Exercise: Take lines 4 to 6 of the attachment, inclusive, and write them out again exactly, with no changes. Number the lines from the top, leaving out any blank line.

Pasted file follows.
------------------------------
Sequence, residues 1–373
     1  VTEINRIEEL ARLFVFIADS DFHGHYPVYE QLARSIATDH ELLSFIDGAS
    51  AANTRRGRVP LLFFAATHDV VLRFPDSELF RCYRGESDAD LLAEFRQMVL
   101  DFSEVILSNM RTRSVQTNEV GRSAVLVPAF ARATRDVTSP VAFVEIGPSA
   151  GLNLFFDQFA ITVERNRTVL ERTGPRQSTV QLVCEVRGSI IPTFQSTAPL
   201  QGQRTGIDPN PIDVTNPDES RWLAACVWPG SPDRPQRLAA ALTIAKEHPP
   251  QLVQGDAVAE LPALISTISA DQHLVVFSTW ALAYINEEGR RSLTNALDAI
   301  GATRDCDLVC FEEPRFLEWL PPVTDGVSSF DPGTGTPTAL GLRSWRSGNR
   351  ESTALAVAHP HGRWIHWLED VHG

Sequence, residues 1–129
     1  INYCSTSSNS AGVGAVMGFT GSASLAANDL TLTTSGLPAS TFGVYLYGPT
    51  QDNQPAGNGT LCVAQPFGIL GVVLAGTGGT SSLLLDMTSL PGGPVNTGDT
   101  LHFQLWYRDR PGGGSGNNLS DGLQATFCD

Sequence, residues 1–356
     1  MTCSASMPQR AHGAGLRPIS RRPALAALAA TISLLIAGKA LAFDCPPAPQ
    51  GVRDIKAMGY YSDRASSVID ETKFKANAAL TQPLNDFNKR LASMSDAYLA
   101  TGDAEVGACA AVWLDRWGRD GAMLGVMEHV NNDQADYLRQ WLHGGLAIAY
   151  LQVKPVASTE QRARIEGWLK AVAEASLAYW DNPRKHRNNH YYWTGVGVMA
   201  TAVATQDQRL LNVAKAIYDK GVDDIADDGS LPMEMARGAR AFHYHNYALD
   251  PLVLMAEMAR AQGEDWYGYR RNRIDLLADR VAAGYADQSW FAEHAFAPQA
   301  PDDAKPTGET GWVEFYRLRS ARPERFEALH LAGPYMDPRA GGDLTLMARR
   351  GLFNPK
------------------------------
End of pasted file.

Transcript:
   101  DFSEVILSNM RTRSVQTNEV GRSAVLVPAF ARATRDVTSP VAFVEIGPSA
   151  GLNLFFDQFA ITVERNRTVL ERTGPRQSTV QLVCEVRGSI IPTFQSTAPL
   201  QGQRTGIDPN PIDVTNPDES RWLAACVWPG SPDRPQRLAA ALTIAKEHPP